CHAPTER 7 - FIELDCRAFT
Fieldcraft is the name given to the skill which enables a cadet to carry out a variety of military activities with maximum efficiency whilst moving across country by day and by night. The standard which a cadet achieves must partly depend on his ability in Skill at Arms and Use of Map and Compass.
Because of the limited time available for ACF training as a whole the basic military tactics in this chapter are confined to section level and they do not include defence or withdrawal. The exercises necessary to practise these tactics, if set at platoon or higher level, would be too time-consuming and too demanding in terms of numbers of supervisors to devise, organise and control, whilst being of no greater benefit to cadets in their efforts to achieve the aim of ACF training.
The dress for Fieldcraft lessons will always be uniform with web equipment for those done outside and usually for those done inside except when they are of a classroom nature, i.e. such lessons as Section 7—Introduction to Night Work.
SECTION 1 - PERSONAL CAMOUFLAGE AND CONCEALMENT
To demonstrate and practise personal camouflage and concealment.
Camouflage cream or burnt cork. Improvised camouflage materials such as sacking, foliage and grass. Signal flag and whistle.
a. Group several squads together for the demonstration, and use cadet NCOs as demonstrators.
Choose ground with all types of cover on it—hedgerow, wall, bushes, folds, banks, etc.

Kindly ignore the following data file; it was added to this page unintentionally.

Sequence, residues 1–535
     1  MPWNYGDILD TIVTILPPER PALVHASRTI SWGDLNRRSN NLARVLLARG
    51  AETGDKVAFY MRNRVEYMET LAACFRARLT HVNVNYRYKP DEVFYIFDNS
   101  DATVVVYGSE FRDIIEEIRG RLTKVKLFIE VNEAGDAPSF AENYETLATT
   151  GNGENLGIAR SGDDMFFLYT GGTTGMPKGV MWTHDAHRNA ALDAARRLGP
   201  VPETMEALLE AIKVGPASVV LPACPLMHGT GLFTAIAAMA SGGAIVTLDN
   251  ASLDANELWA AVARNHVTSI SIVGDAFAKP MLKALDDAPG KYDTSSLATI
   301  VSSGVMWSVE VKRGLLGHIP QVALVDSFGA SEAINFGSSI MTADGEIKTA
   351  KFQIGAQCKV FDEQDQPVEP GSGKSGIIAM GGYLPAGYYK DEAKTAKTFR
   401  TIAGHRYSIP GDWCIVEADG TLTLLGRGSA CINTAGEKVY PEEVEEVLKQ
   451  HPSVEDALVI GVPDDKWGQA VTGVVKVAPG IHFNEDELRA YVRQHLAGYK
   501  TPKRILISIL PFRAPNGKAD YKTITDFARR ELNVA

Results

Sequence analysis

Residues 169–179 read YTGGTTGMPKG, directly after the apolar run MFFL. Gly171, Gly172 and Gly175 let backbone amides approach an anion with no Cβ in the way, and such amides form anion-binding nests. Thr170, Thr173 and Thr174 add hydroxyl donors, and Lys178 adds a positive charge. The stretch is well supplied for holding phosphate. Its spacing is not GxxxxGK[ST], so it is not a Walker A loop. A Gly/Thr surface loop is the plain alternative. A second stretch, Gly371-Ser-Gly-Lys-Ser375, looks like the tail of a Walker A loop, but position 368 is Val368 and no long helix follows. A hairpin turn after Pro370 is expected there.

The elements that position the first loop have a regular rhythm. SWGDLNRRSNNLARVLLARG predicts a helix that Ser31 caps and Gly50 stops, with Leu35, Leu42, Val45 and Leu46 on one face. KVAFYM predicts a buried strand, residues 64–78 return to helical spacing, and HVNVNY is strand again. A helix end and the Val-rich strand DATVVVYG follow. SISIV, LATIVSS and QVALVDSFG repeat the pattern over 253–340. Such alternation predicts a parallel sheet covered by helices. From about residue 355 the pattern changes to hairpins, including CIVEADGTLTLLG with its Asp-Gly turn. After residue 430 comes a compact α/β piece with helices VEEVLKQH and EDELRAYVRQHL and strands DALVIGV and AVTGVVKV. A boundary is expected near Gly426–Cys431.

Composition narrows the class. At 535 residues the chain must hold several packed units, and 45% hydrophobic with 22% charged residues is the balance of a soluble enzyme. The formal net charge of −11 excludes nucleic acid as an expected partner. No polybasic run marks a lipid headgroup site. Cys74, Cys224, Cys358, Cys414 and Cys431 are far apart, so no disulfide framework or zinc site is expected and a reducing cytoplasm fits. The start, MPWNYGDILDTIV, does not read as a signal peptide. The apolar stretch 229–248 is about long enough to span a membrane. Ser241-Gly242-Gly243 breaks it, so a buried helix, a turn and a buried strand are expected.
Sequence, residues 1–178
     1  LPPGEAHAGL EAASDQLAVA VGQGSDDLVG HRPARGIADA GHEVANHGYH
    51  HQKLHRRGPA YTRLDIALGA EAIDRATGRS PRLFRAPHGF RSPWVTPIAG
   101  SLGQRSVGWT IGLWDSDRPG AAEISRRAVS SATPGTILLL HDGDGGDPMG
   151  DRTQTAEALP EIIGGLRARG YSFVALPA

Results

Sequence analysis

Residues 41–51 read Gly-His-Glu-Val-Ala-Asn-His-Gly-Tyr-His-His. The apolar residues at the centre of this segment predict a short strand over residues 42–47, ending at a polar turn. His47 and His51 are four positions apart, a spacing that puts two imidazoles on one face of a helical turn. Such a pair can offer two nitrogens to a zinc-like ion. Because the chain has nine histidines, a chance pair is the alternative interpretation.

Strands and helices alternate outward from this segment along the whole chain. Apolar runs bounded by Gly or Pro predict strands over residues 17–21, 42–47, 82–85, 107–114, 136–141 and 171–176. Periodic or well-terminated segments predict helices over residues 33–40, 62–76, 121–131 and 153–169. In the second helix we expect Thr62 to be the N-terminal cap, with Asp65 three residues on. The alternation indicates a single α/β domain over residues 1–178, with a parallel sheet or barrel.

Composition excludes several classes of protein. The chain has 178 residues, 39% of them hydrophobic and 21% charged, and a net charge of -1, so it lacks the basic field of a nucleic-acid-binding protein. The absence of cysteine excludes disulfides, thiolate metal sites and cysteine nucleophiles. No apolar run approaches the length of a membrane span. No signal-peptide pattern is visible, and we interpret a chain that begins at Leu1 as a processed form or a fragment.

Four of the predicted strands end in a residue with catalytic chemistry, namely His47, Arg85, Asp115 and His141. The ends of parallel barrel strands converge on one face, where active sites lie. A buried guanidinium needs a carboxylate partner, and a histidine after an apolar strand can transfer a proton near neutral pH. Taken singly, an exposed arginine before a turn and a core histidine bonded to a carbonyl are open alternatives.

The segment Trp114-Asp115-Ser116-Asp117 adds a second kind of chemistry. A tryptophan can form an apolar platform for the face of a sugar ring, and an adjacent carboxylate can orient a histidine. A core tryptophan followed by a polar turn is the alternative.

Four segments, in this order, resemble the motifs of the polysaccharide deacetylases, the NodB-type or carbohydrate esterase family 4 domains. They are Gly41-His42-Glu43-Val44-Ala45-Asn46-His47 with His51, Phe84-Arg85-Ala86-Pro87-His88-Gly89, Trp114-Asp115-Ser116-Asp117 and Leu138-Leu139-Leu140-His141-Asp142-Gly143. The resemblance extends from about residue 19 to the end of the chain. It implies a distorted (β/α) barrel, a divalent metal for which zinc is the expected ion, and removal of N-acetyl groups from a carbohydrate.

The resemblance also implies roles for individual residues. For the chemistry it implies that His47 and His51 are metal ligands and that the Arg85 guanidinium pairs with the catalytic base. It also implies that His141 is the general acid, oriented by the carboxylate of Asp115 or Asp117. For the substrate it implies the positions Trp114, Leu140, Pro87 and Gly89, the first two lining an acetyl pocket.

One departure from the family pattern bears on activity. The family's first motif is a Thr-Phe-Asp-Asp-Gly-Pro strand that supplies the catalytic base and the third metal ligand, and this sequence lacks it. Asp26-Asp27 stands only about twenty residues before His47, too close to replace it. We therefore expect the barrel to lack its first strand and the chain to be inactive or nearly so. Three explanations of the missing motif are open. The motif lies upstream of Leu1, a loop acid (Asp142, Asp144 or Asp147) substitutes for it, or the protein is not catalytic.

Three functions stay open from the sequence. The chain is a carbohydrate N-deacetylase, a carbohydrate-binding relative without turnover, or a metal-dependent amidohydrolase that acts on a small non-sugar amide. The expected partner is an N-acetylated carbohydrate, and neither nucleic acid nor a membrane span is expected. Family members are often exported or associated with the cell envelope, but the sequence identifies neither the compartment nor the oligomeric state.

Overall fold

The demonstration, which must be rehearsed beforehand, should be arranged to illustrate situations such as those shown in the pictures in this Section. The wrong and the right way should be shown and cadets should be made to search the area to discover them.
It is possible to demonstrate and practise personal camouflage indoors but not the rest of the lesson.
You must know how to camouflage and conceal yourself or you will be easily seen.
LOOK ROUND OR THROUGH COVER, NOT OVER IT
DO NOT BREAK A STRAIGHT LINE
6. Explain and demonstrate—the tone and colour of your hands, neck and face and the shape, surface and silhouette of your pack, must not contrast with their backgrounds. To avoid these contrasts:
Put camouflage cream, mud, burnt cork, or something similar on your face, neck and hands; put on more for night work than for day. b.
Tie string across your pack, and use it to hold foliage, etc to break up the pack's outline.
You may have to camouflage your weapon by binding scrim or hessian round shiny metal or wood parts; but be careful that none of it blocks your view over the sights.
CAMOUFLAGE FOR DAYLIGHT
7. Divide the cadets into pairs, and make each pair practise personal camouflage as master and pupil, while the NCOs move to their places for the next part of the demonstration.
S. Explain and demonstrate:
Look round or through cover, rather than over it; if you have to look over it, try not to break a straight line.
Use shadow, and remember that when you are in the sun, your own shadow is very conspicuous, and that shadows move with the sun. d.
Choose a background to match your clothes.
Avoid isolated cover; the enemy is likely to watch it, and it is easy to give a fire control order on to it.
f. Try not to be seen going into or leaving cover.
g. Move stealthily.
USE OF SHADOW
USE OF SHADOW
AVOID A SKYLINE
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